Congratulations on taking the first step to better hearing! People who put on glasses for the first time often say, “Wow! I didn’t know how much I couldn’t see!”
On the other hand, people who put on hearing aids for the first time sometimes say, “These things don’t help me hear any better!”
The truth is, hearing aids require an adjustment period where your brain must relearn how to interpret sound into speech. The longer you have been ignoring your hearing loss, the harder it is for the brain to adjust to hearing speech sounds clearly. It takes most people up to two months to begin appreciating what their hearing aids can offer them. Fortunately, there are simple things you can do to make the adjustment period easier.
Hearing aids are sophisticated pieces of technology that are designed to help you hear better, feel better and make the most of your life. However, they also require regular maintenance in order to keep them working well.
Perform regular listening checks.
Be sure to listen to your hearing aid every day to make sure the sound is clear and not weak or scratchy.
Check the batteries.
Your hearing aid batteries should last between one and two weeks if you are using your hearing aids on a daily basis. Full strength batteries will ensure your hearing aids are working the way they should. Be sure to keep spare batteries on hand and take them with you when you travel.
Clean your hearing aids regularly.
Be sure to check your hearing aids for dirt and wax build up. Dr. Recher will teach you the proper way to clean your hearing aids. Generally, this is done by using forced air (NOT a hair dryer) to remove any excess dirt or removing the ear molds and washing them with a mild soap solution. Do NOT submerge your hearing aids in water, expose them to excessive heat, or attempt to clean them in any way other than what Dr. Recher has prescribed.
Water is the enemy of anything electronic.
Moisture will not only cause the hearing aid to malfunction, it can cause the batteries inside to leak toxic chemicals. If you find that your hearing aid has excess moisture on it, remove them and use a hearing aid dryer to ensure they are moisture free before placing them in their storage containers.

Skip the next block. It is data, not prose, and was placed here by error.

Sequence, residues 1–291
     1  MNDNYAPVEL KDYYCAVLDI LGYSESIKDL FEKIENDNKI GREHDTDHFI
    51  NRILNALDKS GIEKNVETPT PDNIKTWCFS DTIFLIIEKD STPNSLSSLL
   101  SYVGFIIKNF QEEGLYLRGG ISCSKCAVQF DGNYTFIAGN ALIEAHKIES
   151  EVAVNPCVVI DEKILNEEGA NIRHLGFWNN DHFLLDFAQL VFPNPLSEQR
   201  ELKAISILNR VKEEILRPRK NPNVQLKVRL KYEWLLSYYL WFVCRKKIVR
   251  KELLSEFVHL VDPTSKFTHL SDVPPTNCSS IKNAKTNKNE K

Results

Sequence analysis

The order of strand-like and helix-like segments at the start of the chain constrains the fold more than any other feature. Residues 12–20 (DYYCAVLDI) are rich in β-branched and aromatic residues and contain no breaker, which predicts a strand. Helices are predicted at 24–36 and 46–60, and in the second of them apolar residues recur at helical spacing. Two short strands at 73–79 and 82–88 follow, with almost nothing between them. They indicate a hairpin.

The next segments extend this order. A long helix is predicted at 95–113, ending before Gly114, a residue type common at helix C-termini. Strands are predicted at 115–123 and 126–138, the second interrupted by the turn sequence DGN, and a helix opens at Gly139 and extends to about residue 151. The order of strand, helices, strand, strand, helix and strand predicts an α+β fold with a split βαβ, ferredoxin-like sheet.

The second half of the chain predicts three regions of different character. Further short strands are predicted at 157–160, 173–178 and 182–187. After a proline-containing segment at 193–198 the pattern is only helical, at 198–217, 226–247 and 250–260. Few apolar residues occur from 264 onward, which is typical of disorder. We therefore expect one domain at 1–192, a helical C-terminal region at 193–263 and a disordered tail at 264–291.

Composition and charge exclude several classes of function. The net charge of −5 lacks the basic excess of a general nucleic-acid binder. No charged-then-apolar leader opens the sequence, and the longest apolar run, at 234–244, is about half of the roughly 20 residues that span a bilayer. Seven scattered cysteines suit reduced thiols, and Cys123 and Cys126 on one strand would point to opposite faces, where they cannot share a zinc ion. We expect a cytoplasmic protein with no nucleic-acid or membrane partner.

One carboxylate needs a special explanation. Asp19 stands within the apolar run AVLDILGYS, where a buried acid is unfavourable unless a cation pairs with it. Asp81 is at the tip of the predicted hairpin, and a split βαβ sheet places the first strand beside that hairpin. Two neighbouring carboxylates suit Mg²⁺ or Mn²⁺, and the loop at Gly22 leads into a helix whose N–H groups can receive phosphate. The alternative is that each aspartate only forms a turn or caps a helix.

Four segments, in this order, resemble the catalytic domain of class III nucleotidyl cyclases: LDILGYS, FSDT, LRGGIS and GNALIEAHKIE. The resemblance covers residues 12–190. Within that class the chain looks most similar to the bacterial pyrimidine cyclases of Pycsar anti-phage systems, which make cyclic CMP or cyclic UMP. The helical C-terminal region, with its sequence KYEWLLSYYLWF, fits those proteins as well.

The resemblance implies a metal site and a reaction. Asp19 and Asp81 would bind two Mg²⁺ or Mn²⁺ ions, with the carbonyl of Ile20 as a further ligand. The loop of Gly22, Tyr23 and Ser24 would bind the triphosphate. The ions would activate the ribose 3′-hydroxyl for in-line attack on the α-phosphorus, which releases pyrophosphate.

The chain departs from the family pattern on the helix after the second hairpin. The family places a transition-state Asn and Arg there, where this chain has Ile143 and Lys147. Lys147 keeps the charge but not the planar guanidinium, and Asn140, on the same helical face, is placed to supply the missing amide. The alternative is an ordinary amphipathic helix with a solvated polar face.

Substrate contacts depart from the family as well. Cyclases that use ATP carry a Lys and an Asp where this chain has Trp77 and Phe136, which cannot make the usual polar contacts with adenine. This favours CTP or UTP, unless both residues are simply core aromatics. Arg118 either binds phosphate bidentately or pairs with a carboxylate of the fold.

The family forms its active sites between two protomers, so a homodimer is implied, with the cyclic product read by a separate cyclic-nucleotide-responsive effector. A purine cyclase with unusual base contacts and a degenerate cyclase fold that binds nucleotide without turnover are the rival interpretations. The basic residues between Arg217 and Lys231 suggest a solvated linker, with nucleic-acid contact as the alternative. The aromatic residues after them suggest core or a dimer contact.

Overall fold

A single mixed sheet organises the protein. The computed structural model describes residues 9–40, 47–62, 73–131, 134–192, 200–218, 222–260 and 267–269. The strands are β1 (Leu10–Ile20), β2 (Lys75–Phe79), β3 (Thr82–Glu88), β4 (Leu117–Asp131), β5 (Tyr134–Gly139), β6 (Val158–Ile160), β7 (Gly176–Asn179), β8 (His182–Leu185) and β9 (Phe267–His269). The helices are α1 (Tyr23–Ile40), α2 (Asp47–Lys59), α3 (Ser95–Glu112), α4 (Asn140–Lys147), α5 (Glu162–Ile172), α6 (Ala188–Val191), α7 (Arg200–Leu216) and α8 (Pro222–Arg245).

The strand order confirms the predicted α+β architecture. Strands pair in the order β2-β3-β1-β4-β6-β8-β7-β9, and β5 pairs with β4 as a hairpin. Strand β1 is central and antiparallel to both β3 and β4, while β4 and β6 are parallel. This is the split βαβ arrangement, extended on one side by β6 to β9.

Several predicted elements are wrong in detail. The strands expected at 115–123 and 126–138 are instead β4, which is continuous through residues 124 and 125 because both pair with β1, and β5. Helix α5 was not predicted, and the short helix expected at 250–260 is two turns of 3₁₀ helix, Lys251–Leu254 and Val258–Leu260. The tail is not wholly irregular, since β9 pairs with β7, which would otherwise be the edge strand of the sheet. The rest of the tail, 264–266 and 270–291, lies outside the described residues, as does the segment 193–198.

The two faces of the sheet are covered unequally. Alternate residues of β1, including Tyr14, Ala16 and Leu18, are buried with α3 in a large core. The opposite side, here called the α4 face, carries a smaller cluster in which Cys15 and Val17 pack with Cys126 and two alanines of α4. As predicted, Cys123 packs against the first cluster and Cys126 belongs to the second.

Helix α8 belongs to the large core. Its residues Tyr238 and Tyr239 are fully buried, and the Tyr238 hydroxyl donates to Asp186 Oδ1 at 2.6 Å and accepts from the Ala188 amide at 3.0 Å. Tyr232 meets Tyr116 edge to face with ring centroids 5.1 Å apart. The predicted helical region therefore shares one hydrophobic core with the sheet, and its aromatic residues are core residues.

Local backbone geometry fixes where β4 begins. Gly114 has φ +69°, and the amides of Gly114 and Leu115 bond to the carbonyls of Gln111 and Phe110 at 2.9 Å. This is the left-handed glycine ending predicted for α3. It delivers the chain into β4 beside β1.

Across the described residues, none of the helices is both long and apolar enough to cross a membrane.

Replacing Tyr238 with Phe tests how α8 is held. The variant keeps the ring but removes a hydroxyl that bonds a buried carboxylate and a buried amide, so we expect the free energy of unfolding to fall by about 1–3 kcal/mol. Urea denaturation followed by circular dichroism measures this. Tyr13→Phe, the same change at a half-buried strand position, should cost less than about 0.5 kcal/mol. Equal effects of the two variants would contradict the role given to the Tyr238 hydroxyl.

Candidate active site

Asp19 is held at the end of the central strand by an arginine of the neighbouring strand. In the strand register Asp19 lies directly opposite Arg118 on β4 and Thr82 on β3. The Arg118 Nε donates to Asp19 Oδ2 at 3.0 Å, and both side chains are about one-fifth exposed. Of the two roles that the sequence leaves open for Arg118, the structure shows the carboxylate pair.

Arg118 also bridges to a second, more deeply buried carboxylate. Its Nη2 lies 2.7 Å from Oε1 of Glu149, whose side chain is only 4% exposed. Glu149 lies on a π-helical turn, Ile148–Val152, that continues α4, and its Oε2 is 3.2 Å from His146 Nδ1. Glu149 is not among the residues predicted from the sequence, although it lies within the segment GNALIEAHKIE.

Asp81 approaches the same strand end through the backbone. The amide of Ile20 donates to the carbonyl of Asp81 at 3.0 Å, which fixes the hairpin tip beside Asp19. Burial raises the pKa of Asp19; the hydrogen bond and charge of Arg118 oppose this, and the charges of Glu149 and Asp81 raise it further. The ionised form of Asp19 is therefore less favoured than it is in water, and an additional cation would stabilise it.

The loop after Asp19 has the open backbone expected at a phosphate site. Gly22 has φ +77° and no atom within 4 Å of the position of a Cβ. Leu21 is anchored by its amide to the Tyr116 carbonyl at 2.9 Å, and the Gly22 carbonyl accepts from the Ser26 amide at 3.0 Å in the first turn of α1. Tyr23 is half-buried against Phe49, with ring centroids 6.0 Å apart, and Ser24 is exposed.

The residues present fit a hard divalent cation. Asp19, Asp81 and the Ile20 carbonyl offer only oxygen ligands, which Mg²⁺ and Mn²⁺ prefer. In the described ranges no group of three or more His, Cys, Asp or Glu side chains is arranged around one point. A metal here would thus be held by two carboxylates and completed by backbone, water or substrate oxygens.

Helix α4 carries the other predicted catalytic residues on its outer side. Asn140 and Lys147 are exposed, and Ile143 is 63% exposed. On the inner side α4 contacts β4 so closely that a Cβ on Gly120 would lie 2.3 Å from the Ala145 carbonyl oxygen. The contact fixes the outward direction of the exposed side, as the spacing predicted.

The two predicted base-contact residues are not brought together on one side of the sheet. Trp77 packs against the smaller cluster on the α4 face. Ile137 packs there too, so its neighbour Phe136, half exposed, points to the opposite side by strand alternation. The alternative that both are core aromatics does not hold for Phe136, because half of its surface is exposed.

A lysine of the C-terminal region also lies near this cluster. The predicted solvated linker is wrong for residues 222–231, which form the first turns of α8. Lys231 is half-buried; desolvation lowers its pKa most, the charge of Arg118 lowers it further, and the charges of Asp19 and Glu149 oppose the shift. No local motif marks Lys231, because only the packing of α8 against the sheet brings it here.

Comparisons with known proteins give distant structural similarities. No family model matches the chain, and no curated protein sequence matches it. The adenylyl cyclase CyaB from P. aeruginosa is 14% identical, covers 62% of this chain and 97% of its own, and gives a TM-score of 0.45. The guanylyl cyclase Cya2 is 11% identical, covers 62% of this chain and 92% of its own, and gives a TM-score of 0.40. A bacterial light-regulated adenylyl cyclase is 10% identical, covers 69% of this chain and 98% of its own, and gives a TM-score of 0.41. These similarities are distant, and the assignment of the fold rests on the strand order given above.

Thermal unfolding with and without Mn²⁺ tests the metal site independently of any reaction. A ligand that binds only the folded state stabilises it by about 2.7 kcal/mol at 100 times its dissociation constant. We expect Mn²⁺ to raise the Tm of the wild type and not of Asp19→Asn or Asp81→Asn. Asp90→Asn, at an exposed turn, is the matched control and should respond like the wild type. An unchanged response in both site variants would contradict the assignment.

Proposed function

Do you know the whistling sound people often associate with hearing aids? It is called feedback. This happens when sound comes out of the ear mold and re-enters the microphone. A securely fitted hearing aid should not emit any feedback noise. If it does, try repositioning the ear mold in your ear. If the feedback persists, call Dr. Recher to have him examine the hearing aid and diagnose the cause.
Whether you have a hearing loss or not, there are three important exercises that everyone should do at home to finely attune their hearing ability.
This is especially difficult to do for people with a hearing loss, but it is an important skill for everyone to practice. To do this, intentionally turn on background noise before having a conversation with another person. Focus on understanding what is being said rather than on what is happening in the background.
Why it works: The brain has an amazing ability to focus on a particular stimulus in the face of several stimuli. But like any skill, we tend to lose this ability if it is not practiced. Forcing your brain to pay attention to one thing in spite of other stimuli creates neural pathways that reinforce the way your brain interprets sounds into speech. If you have a hearing loss, this will come in handy once you receive your new hearing aids and have to adjust to filtering out sound once again.
We are surrounded by sound all day, every day. But how often do we take the time to locate and identify the source? The next time you hear a sound, take a moment to look around and locate its source. Was it where you thought it was? What the source what you thought?
Why it works: Even people with a bilateral hearing loss don’t have the same hearing loss in both ears. Just like the way you see out of both eyes will affect your depth perception, the way you hear out of both ears will affect your ability to identify where sound is coming from. This information is especially helpful when it comes time to visit the audiologist and discuss your hearing loss.
Why it works: As you age, your brain changes, as does its ability to interpret information. While the adult brain is adept at performing complex tasks and understanding relationships, it does not retain the plasticity it once had that allowed it to learn quickly and adapt. Continuing to learn and exercise your mind will help you maintain that ability to learn and adapt.